Written by Charlie Kaufman, Anomalisa began life as a sound play staged by Carter Burwell (who returns to provide the music for the film) with all parts played by the three actors who perform in the film. While the idea of it being turned into a movie had been bandied around, Kaufman was never that big of a fan of it, perhaps because to Kaufman, who had up until that point only written or directed live action, the concept of most characters being voiced by a single actor seemed difficult to pull off. Somewhere along the line the stop-motion was put on the table and I’m glad it was.
David Thewlis plays Michael Stone and Michael Stone is bored, he has been for near a decade now. He is a public speaker and well adored writer of books on customer service, and when the film finds him he’s headed to Cincinnati to promote his new book “How May I Help You Help Them?”. Throughout the film Stone is haunted by the voice of Tom Noonan. Everyone from the nervous man next to him on the plane, to the Cincinnati zealot taxi driver, to his old abandoned fling, even his wife and son, all of them are voiced by Tom Noonan (No chance it’s a coincidence that the hotel Stone stays in is named the “Fregoli”).
“It’s boring. Everything’s boring,” says Stone replacing his slumped floating boredom with a brief flash of actual anger. This catatonia-inducing dullness meets its potential defeat in a young customer service representative named Lisa (Jennifer Jason Leigh). While deeply insecure, she is passionate about her work and perhaps a little infatuated with Michael Stone. He encourages her and as we see him romance her out of her rut we see him begin to find the way out of his.
The film adaptation was originally set to be a 40-minute short film funded by Kickstarter, successfully making $406,237 in pledges from 5,770 backers. After the Kickstarter campaign, more money was eventually secured by the producers and the runtime was extended to feature length.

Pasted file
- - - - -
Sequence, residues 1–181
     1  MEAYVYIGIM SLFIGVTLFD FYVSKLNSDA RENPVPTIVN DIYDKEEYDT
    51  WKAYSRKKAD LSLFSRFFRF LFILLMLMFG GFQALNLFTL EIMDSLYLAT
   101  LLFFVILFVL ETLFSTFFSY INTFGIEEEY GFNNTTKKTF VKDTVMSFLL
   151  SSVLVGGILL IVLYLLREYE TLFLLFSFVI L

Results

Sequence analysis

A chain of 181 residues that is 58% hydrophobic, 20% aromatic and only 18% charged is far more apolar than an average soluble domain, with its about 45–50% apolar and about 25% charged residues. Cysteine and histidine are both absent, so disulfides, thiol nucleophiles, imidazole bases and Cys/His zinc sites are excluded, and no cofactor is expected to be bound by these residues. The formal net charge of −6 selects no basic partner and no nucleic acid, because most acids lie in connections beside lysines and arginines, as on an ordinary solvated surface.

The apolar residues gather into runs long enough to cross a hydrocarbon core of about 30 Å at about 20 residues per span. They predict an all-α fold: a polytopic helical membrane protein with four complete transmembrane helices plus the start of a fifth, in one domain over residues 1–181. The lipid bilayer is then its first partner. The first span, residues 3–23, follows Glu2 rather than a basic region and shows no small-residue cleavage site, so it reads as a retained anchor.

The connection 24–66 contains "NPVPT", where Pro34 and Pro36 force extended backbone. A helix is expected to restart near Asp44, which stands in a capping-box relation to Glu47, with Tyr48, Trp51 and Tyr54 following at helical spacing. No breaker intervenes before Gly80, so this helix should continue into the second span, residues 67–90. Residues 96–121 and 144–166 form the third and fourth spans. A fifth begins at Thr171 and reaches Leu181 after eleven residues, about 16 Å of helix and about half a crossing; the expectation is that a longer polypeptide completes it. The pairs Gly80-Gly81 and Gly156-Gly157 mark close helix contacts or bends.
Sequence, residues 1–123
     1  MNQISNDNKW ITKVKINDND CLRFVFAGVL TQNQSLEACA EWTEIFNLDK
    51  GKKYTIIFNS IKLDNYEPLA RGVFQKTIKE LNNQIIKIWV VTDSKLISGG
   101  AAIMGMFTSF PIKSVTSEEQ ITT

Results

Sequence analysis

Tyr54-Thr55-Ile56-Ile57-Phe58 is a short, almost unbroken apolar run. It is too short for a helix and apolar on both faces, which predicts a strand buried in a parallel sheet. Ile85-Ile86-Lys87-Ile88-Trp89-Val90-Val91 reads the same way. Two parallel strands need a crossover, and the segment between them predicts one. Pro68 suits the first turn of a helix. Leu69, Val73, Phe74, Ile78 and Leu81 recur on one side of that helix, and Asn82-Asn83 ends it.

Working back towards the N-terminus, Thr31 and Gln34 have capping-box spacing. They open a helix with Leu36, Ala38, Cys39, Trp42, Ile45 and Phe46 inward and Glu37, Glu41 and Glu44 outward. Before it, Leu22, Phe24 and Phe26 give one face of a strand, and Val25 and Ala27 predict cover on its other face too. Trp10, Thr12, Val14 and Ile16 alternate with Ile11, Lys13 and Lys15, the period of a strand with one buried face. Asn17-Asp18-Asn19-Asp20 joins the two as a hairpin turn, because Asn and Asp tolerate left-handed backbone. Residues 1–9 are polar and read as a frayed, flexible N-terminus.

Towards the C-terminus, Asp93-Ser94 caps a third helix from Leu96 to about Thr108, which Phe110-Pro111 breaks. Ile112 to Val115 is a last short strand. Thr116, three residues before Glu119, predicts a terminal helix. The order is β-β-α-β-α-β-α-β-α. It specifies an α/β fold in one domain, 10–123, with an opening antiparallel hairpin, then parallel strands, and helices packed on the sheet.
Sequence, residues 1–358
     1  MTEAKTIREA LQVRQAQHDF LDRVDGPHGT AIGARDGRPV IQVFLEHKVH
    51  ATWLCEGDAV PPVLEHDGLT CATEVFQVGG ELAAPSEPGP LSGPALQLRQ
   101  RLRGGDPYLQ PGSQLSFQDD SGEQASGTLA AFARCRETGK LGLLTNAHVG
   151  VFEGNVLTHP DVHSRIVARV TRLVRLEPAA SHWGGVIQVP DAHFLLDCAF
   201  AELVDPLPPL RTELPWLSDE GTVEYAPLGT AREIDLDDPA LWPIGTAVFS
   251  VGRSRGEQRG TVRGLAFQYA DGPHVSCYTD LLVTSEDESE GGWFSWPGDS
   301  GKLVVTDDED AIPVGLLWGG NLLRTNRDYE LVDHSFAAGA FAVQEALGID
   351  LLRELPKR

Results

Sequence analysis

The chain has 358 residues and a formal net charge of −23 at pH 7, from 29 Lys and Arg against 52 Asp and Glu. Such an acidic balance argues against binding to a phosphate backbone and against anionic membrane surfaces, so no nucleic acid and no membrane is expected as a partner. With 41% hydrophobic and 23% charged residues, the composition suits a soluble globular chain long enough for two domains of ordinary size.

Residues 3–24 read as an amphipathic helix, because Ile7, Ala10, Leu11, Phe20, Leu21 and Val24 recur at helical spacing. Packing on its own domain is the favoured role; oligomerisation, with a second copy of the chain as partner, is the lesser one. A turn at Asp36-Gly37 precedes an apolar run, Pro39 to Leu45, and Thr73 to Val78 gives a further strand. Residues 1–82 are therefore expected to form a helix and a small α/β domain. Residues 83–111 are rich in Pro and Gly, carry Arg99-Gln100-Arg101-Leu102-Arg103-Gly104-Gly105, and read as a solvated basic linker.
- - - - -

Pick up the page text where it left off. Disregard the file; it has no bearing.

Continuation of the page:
Duke Johnson, who co-directs Anomalisa with Charlie Kaufman, utilized puppets created with 3D printers and was once warned that they would be too “disturbing and off-putting” for the audience and it is strange at first, as stop motion tends to be. For the first twenty minutes or so it feels like a crime scene re-enactment performed by puppets. But what this leads to eventually isn’t a disconnect but in fact something more affecting than you’ve readied yourself for, a replication comfortable in its lie, more sincere because of its lack of pretensions towards convincing us it is the truth.
Charlie Kaufman is the master of mundane emotions—which sounds strange to say about someone who has brought films like Eternal Sunshine of the Spotless Mind, Being John Malkovich and Synecdoche, New York—but he captures better than anyone the emotions, states, inner trials that are felt by most at some point but don’t necessarily have simple one word titles or definitions in the OED. The characters you identify with in a Kaufman film, what parts move you, make you cry, make you laugh, seem to change with every viewing. Eternal Sunshine of the Spotless Mind in 2005 is very different to Eternal Sunshine of the Spotless Mind in 2010, or 2016. Kaufman is a writer whose work deserves revisiting over long periods of time, perhaps even requires it. For this reason, reviewing Anomalisa from only one viewing seems only half fair. This is a brilliant film, but as Michael Stone says to Lisa “I think you’re extraordinary… I don’t know why yet, it’s just obvious to me that you are…”
Anomalisa is in limited release from February 4th, 2016. Check your local cinema for showing times.